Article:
I Made a Box!
This is a slippery-slope story about how I made a small box and that lead to making a much larger one.
As readers of my blog may know, I’ve been working on a new book for quite some time. As part of that process I got into making acrylic models of various mechanical devices, which are now available for sale at MechanicalGIFs.com. Now that the book is nearly finished (it will be out in October, but my part is largely done), I’ve gotten back to spending more time on model-making.
In particular, I’ve designed several new model kits, including a one that has the distinction of being my largest (by weight of plastic) kit so far: a combination-lock safe.
It’s a very nice kit, highly recommend, but one particular aspect of it got me thinking that it might be time to expand my plastic part production capacity to the third dimension.
To date all of my kits have used exclusively laser-cut acrylic parts (plus assorted screws, nuts, springs, etc). Laser cutters are great, but fundamentally limited to making 2-dimensional parts. These can be combined to make lovely three-dimensional models (see, for example, this 2-speed transaxle), but still, all the individual parts are flat sheets (of varying thicknesses).
It was this corner joint in the Safe model that made me think it was time to break out of that limit. Typical T-joints many people use to join laser-cut acrylic at right angles are just not very strong, so I designed this connector block made with four separate pieces of laser-cut acrylic plus five nuts and bolts. Now, it is very strong, and I like the look of it, but on the whole, I think the world would be a better place if it could be made of a single symmetrical piece of acrylic plus only three nuts and bolts (one for each panel). That would require three holes, each one going in a different direction, which is fundamentally impossible to make with a laser cutter. But…trivial to make with an injection molding machine.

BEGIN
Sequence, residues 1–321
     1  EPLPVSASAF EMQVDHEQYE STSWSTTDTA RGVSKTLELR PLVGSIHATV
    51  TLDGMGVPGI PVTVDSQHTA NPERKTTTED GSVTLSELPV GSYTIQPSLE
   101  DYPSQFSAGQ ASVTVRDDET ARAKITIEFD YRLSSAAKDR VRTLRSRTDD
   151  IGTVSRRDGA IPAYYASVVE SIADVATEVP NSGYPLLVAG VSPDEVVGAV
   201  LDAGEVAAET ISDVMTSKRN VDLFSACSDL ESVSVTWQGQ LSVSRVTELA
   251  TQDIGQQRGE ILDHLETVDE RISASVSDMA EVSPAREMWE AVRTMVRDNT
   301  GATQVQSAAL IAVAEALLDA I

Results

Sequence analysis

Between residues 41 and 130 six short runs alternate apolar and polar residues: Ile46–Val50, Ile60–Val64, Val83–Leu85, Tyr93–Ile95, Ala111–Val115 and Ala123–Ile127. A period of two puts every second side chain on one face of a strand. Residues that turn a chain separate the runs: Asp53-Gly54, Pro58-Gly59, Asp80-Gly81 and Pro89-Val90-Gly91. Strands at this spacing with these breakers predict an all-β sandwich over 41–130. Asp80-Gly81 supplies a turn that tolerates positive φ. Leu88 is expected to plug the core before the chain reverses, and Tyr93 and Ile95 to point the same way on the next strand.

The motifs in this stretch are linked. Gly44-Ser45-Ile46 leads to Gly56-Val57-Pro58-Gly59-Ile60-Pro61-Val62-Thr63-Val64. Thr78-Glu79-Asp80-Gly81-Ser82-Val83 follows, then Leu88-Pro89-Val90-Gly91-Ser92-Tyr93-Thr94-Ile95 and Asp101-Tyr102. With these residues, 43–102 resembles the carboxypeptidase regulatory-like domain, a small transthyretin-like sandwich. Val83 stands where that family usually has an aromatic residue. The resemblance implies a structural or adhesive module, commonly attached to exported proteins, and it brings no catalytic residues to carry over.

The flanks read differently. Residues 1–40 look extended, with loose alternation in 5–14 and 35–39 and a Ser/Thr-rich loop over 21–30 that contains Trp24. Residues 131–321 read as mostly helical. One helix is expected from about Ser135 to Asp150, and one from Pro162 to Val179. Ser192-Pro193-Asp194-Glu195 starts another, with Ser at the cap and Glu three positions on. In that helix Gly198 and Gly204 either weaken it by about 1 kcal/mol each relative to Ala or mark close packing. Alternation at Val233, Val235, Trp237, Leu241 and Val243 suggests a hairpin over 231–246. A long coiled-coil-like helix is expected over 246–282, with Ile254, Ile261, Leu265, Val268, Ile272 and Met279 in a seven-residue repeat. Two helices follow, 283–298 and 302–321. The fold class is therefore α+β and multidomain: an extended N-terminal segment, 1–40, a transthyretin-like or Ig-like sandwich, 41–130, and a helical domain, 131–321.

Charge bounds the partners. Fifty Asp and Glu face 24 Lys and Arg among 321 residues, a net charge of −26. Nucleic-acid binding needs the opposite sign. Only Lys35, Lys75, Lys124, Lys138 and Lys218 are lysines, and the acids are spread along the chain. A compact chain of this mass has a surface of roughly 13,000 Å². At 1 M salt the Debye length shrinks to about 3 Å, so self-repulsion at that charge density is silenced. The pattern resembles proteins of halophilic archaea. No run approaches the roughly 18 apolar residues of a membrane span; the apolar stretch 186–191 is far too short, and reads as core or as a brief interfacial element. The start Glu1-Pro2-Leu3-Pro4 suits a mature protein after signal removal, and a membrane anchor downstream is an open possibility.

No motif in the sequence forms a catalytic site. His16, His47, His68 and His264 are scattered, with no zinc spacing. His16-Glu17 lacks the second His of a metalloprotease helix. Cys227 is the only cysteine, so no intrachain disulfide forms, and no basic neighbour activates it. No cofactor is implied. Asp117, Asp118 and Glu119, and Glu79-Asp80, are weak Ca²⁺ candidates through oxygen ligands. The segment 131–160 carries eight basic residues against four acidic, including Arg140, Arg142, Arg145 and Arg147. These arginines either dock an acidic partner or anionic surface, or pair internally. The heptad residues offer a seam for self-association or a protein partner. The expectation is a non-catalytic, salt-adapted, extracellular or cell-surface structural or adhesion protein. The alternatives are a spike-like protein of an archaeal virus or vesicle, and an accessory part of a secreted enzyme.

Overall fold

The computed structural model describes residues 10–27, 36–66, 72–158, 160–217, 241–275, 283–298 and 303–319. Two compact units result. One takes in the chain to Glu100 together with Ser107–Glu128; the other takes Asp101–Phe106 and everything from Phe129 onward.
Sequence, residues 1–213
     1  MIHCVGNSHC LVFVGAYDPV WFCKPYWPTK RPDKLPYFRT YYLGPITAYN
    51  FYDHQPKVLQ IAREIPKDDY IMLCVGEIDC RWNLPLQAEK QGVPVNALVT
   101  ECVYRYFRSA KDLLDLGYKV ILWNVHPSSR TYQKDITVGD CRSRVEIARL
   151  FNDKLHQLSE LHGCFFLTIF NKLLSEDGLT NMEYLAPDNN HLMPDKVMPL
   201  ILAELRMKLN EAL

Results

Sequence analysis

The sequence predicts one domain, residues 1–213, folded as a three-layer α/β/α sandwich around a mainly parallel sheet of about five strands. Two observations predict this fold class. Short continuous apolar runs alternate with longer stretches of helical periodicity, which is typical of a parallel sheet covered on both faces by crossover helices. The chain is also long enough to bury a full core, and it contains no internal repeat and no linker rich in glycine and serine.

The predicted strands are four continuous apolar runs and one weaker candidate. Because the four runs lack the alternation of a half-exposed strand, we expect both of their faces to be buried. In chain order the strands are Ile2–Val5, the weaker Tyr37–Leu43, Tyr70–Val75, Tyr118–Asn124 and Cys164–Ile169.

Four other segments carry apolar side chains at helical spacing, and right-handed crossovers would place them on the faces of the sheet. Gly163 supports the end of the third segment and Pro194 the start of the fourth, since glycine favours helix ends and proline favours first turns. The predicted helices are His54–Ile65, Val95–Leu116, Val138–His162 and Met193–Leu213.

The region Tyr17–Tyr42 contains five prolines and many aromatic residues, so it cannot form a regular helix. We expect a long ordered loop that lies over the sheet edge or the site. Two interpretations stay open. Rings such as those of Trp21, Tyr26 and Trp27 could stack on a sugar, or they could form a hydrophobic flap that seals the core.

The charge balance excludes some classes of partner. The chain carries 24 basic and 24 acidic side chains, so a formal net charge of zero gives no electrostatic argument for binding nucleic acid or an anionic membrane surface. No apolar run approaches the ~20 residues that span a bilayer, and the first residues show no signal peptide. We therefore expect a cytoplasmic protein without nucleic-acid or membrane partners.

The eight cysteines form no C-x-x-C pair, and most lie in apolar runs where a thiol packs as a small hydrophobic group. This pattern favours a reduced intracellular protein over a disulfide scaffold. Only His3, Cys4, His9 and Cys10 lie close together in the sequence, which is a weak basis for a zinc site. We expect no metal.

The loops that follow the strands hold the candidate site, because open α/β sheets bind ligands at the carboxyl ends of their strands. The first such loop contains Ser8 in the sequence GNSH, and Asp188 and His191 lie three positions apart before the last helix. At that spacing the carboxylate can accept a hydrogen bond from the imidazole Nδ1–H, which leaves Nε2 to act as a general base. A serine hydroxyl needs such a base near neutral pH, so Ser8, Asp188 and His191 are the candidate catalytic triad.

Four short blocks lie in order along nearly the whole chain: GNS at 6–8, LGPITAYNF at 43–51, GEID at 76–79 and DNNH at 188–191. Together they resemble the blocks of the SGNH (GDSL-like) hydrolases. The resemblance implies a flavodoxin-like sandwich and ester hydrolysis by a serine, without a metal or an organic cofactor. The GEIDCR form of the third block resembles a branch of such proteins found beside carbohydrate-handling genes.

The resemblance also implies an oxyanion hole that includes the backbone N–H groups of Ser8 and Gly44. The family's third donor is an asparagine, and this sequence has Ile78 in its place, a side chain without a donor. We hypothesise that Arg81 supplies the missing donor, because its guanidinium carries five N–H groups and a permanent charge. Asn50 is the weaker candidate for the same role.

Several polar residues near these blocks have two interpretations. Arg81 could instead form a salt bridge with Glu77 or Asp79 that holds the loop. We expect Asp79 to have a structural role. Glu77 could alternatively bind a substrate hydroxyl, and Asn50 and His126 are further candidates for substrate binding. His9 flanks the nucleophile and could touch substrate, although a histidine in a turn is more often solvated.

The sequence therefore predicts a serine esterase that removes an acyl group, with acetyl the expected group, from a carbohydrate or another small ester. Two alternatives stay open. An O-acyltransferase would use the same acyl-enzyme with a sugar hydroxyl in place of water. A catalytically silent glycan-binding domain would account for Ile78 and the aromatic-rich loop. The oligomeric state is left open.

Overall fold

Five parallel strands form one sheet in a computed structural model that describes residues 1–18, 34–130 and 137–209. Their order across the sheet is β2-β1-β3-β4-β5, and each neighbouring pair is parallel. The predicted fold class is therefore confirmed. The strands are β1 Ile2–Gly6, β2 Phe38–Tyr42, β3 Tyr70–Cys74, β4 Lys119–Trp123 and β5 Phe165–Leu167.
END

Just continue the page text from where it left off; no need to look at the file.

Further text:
So I decided to buy a small tabletop injection molding machine. Which is of course useless if you can’t make molds for it so I also needed to get a small CNC milling machine to make the molds. Milling machines are messy: they use a cooling spray and send chips flying in all directions. So if you have one in a relatively small space that needs to stay clean, you need an enclosure to surround it.
So I made a big box!
And when I say I made it, I mean I made every single part of it from flat acrylic stock (except the 830 nuts and bolts that hold it together). It’s designed and made a lot like the kits I sell, just bigger.
The corners are joined with acrylic “angle iron”, by which I mean 6cm wide, L-shaped strips of 3mm acrylic bent at a 90 degree angle (the long way) with laser-cut holes along both sides that match the holes in the panels. Every side (including the top) has hinged doors, so I can access all sides of the machine with minimal obstruction. Even the hinges are laser cut from 12mm (1/2”) acrylic. (They in fact are exactly the same hinges as used in the Safe model I have for sale.)
Below is the whole setup, installed on top of the worktable/acrylic storage shelves I built for the tool suite. From left-to-right we have:
1) Vacuum forming machine with small oven on top. The vacuum forming machine softens sheets of plastic and then sucks them down over a form (made with the milling machine), creating semi-three-dimensional sheets. The oven on top is for drying acrylic for use in the the injection molding machine.
2) The thing that looks a bit like a small drill press is the injection molding machine. It has a pneumatic (compressed air powered) cylinder that drives a piston down into a heated chamber, forcing molten plastic out through a nozzle and into a mold (also made with the milling machine).
3) Next in line is a tiny vacuum forming machine (ca. 10cm x 10cm working area). It’s sold for making “Invisiliner” style transparent plastic dental retainers. I got it because it’s cheap, and because most of the parts I expect to make by vacuum forming will be very small. Every time you use either the large or small machine, you have to use a full-size sheet of plastic, 45 cm x 45 cm (18” x 18”) for the big one. That’s a lot of plastic to waste for testing the shape of a small part. So I figured I can use the small one for testing, and then when the part is right I can make a mold with many copies of it to use in the larger one.
4) Finally on the far right is the CNC mill in its glorious home-made box.